17 “I am now bringing the floodwaters over the earth to destroy everything under the sky that breathes. Everything on earth is about to take its last breath. 18 But I will set up my covenant with you. You will go into the ark together with your sons, your wife, and your sons’ wives. 19 From all living things—from all creatures—you are to bring a pair, male and female, into the ark with you to keep them alive. 20 From each kind of bird, from each kind of livestock, and from each kind of everything that crawls on the ground—a pair from each will go in with you to stay alive. 21 Take some from every kind of food and stow it as food for you and for the animals.”

22 Noah did everything exactly as God commanded him.

6 After forty days, Noah opened the window of the ark that he had made. 7 He sent out a raven, and it flew back and forth until the waters over the entire earth had dried up. 8 Then he sent out a dove to see if the waters on all of the fertile land had subsided, 9 but the dove found no place to set its foot. It returned to him in the ark since waters still covered the entire earth. Noah stretched out his hand, took it, and brought it back into the ark. 10 He waited seven more days and sent the dove out from the ark again. 11 The dove came back to him in the evening, grasping a torn olive leaf in its beak. Then Noah knew that the waters were subsiding from the earth. 12 He waited seven more days and sent out the dove, but it didn’t come back to him again.

8 God said to Noah and to his sons with him, 9 “I am now setting up my covenant with you, with your descendants, 10 and with every living being with you—with the birds, with the large animals, and with all the animals of the earth, leaving the ark with you.[a] 11 I will set up my covenant with you so that never again will all life be cut off by floodwaters. There will never again be a flood to destroy the earth.”

12 God said, “This is the symbol of the covenant that I am drawing up between me and you and every living thing with you, on behalf of every future generation. 13 I have placed my bow in the clouds; it will be the symbol of the covenant between me and the earth. 14 When I bring clouds over the earth and the bow appears in the clouds, 15 I will remember the covenant between me and you and every living being among all the creatures. Floodwaters will never again destroy all creatures. 16 The bow will be in the clouds, and upon seeing it I will remember the enduring covenant between God and every living being of all the earth’s creatures.” 17 God said to Noah, “This is the symbol of the covenant that I have set up between me and all creatures on earth.”

            Sometimes when we study and approach scripture, we come away with answers but often times, it seems we come away with more questions. And friends, I think it so important to note that questions are okay. Questions are a part of faith- they stretch us.

            I found this week the story of Noah and the flood opened up a whole floodgate of questions and didn’t really provide many clear answers. Questions like- if Noah was so righteous, why didn’t he try to warn neighbors about impending flood- or are we just missing that piece of the story? Why didn’t God give Noah a moment to process the fact that God was going to open with heavens and flood the earth- I’m guessing Noah probably needed a minute to process. How exactly did Noah, his family, and all those animals pass time in ark? I’m also baffled at how popular Noah’s ark nursery are. On the one hand, I’ve both been in children’s musical and directed a children’s musical based on the Noah’s ark story. Even then I can remember thinking to myself, this is a pretty violent premise- but I’m singing about animals dancing two by two? It is almost like when animated movies and TV shows are 100% NOT designed for kids. Actually if we were to give today’s reading a theatrical rating—it would probably be R rated at times for intense scenes of violence and destruction.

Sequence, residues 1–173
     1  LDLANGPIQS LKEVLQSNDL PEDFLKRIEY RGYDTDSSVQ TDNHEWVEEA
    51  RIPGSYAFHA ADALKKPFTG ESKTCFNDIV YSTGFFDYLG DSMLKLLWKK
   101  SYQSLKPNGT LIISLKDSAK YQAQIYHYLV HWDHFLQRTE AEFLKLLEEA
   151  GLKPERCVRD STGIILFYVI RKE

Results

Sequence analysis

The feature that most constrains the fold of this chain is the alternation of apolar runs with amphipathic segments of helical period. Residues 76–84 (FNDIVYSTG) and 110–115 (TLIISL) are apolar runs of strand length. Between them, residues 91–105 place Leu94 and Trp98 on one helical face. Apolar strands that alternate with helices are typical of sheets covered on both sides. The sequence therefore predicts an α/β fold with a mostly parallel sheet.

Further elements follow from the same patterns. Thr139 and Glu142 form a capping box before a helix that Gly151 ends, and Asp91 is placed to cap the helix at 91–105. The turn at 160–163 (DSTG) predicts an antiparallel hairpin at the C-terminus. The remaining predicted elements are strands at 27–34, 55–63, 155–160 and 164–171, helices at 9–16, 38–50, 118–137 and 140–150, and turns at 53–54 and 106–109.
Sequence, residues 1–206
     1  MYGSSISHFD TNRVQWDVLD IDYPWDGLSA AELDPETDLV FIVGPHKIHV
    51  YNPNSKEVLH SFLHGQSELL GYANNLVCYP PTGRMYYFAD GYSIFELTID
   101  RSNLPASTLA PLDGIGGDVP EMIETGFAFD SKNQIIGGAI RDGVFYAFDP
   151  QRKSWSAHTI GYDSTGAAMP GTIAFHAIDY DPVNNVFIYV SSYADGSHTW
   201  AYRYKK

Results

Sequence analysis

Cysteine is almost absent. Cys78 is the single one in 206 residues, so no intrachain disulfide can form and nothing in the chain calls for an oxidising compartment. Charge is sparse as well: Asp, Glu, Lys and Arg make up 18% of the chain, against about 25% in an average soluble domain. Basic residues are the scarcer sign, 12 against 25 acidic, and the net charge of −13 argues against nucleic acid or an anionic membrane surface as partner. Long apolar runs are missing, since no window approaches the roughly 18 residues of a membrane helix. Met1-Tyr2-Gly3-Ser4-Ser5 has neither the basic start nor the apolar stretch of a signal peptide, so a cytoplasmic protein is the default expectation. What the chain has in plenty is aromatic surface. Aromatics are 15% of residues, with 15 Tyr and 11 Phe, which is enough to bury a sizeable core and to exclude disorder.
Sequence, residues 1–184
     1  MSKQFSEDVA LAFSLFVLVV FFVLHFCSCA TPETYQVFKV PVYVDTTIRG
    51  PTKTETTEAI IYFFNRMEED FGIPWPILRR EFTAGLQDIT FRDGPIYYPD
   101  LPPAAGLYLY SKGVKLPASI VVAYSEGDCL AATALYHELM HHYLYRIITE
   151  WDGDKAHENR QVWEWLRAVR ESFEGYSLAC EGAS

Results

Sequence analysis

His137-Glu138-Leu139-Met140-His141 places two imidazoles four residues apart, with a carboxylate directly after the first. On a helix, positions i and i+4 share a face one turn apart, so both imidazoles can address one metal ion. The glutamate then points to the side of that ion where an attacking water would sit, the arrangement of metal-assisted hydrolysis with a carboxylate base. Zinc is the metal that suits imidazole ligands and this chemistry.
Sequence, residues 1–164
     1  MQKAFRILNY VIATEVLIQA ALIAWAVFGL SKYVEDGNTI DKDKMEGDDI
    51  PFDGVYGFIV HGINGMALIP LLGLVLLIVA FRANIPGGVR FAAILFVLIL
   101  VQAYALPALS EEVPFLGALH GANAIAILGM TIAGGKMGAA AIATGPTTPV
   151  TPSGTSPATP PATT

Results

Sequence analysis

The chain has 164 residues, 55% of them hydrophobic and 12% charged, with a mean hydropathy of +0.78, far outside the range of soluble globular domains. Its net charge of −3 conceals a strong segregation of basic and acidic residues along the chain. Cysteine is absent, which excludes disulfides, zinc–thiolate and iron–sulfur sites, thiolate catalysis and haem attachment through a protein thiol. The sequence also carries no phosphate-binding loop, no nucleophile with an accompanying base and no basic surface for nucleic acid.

Which perhaps leads to the hardest question: what does it mean to acknowledge and worship God who regretted creating? Who wanted a redo?  There have certainly been times in my life when I’ve wanted to erase things and have a do over.

            We are told that ten generations or so had passed since creation and each generation seemed wicked than the last. The language of this divine regret in 6:5-6 is breathtaking. In verse five, God saw that “every inclination of the thoughts of [human] hearts was only evil continually.” Yet God’s response to this realization is not one of anger or revenge. Rather, God was “sorry that he had made humankind on the earth, and it grieved him to his heart” (verse 6). God grieved- God changed God’s mind- an uncomfortable thought.

            God sorrows over the corruption of the beings that God made with such care and so wholeheartedly, and God’s heart, in striking contrast to the evil inclination of the human heart, is deeply grieved by their betrayal. There’s something powerful about recognizing that God grieves. Friends, God is pained by the brokenness of creation the, and I can imagine God is pained by the brokenness of creation now. God sends the flood, then, not as an act of revenge, but out of grief over the rending of right human relationship with God.

            But even as God is grieving and sending a flood, God still makes a plan for life to continue. The ark is built and Noah listens. The time in the ark could not have been easy but then again nothing is- but God stays with us.

            After the flood waters are gone, God declares an unrestrainedly universal covenant. It is for all people. And more: it is for the whole created order. At the end of today’s scripture, God is making an unconditional promise to the whole of creation. God’s covenant is not inclusively for humankind- but for every living being. Every bird. Every insect. Every fish. Every porcupine. Every dog, cat, rabbit. Everything. Every. Single. Being. And even more: it is one-sided. Neither Noah nor his family nor any of the animals or birds or creepy-crawlies needs to promise anything in return- the covenant just is.